The only way to know for sure is to take an X-ray (here’s a picture of Anisoara’s animal hospital radiograph room). Her X-ray is scheduled for 10 AM.
Little Anisoara, may your bladder stones wither to dust and may your foot tumour pop out like an oil-boiled kernel!
Thanks to the Squirrel Name Generator, my inner squirrel identity is Major Bignuts.
But if I use my real name, I am Twitchy Fluffyfart.
(Thanks to Firemind.)
Playing the Game
1) if there were sixteen men on a dead man’s chest, which of the men would you like best?
The one with the hook hand.
2) what do you miss most about your parents when they are away? what about the least?
Most: speaking crude Romanian. Least: their advice.
3) if you had to choose between lying to someone to spare their feelings, or telling them the truth even if you knew it could end your friendship, what would you pick?
I’d spare the feelings.
4) what is your favourite “ethnicity” of food?
Japanese. But not all this sushi crap. Japanese is so much more than just sushi. Plus, the sushi here is nothing like the sushi in Japan.
5) if you won 10mill on the lottery, what’s the *first* thing you would do?
I would phone one of the people I’ve already designated as recipients of my largesse and very calmly tell them I just won ten million. After an incredulous, half-hearted “I beg your pardon,” I would repeat, just as calmly, that I won ten million. Then, I suppose, we’d start screaming in unison.
1. What would you prefer: a naturally hot pink hamster or a giant one to ride on?
The giant hamster. I can see me, in Princess Mononoke makeup, astride a giant hamster, galloping through rush hour traffic.
2. What is the weirdest artifact you have ever catalogued?
Well, yesterday I handled a weird ceramic thing that looked like a bedpan.
3. What does Romanian ‘Pig – Latin’ sound like?
I am not familiar with pig Latin. I didn’t pay much attention to those things in the playground. (I was of a more nerdy extraction.) If you tell me, I’ll provide the word to be pig Latinized: purcel. Romanian for pig, it’s pronounced “poor-chayl.”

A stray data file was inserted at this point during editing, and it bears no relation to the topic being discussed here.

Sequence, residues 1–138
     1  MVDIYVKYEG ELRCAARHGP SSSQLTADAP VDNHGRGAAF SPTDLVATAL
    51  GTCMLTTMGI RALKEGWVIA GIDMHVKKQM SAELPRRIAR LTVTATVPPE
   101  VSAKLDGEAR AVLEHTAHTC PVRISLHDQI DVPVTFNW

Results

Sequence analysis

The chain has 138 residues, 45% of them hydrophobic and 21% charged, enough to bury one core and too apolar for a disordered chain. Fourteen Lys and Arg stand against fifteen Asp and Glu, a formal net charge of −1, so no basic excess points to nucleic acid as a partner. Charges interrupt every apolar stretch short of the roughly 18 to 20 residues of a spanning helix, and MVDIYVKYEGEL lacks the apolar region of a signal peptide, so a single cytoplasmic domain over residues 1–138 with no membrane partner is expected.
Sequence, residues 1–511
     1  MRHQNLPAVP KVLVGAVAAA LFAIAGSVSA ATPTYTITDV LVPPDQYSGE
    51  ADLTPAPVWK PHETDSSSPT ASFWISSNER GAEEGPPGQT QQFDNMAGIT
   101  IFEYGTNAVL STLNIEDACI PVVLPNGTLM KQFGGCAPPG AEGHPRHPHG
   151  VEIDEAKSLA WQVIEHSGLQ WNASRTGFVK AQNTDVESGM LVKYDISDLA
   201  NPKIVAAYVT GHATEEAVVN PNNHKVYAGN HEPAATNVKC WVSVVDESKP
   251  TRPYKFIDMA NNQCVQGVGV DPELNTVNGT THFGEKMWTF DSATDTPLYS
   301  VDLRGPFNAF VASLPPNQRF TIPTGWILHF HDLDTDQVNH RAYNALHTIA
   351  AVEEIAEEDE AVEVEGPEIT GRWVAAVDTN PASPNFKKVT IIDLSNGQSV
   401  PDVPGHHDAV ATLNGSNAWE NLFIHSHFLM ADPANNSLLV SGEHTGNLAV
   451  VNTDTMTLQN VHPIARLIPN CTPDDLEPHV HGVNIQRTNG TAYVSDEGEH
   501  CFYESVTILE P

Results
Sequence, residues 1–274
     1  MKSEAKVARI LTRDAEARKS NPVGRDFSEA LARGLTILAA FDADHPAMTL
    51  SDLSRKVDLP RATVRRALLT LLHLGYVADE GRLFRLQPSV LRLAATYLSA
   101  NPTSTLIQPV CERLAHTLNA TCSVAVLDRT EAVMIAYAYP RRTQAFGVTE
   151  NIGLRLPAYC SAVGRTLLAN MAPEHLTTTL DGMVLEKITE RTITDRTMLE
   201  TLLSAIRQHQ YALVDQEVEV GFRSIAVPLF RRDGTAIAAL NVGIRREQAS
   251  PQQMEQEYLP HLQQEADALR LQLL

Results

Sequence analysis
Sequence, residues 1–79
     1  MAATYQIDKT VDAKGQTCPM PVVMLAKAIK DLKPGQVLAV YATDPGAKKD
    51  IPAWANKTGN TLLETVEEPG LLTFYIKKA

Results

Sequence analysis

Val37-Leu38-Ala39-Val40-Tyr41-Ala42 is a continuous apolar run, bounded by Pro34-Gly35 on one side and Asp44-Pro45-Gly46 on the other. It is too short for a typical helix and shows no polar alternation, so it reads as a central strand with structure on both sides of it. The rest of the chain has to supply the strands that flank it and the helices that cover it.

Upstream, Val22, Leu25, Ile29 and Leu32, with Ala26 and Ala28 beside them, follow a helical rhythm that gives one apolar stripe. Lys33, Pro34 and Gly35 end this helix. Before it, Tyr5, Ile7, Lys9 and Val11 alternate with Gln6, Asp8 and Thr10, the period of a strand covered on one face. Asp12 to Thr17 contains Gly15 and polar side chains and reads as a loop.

4. Which movie would Ani like to see? The Good, The Bad, and the Hamsterly; Ferris Hamster’s Day Off; or Gnaws?
Gnawing used to happen a lot around here. If she knows what’s good for her, she’d pick the Clint Eastwood movie.
5. What is the wildest dessert you have ever eaten?
Yeah, that was dumb. My real answer is pear-and-camambert ice cream. I wish it was wilder.
Library Leprechaun, thou lordliness who isn’t calling me:
1. If you were able to invent one thing what would it be?
Devices to make tarantulas speak Spanish.
2. If you could spend the day with one person from the past who would it be?
My first choices are generally George Herriman or Tove Jansson. Yet, the more I think about it, the more I’d like to be seduced by Eugène Delacroix.
3. What is your favorite word?
Tough one. “Eh” is one of them.
4. You are being sent into space to live on a lonely outpost and can bring one book. What book would you bring?
Another one I always think about. Most people say the Bible. The complete Krazy Kat, if it ever existed, would keep me thinking. Or Ulysses.
5. You are a top general with orders take over one country and destroy it and all its inhabitants. Which country would you choose?
Again, a hard one. What country can I do without? Malta. I’d blast their sorry asses off the planet.
Mental Office Imogene:
1.) Have you ever seen a painting (or statue)that made you just sit and stare for more than 5 min? What was it/Who was the artist?
Quite a number of times actually. One of my degrees is in art history.
2.) Would you live in the future or the past?
Unless I could specify where in the past, I would say the future. At least I could continue fearing a vague thing like the sun blowing up. In the past, I would immediately begin calculating what tangible threats I would face, making my stay in the past more stressful than relaxing.
3.) What planet are you? (Not what sign… I hate that BS)
Pluto: small, weird, and probably not a planet anyhow.
4.) Have you ever eaten grass… from a lawn?
Damn. I haven’t.
5.) Have you ever wanted to date a cartoon character?
Please see the sidebar, under “Pet.”
Because salmon swim upstream.
In the meadow, dancing with all the little pixies.
Well, when the crickets put down their harmonicas, for starters.
The little strawberry stapled to the book, of course.
The marigolds waving in the breeze.
Anonymous: that was six items and they weren’t even questions. But I’ll answer them anyways.
1. “I do, and I also wash and iron them.”
Denis Thatcher, 1981, when asked who wore the trousers in his house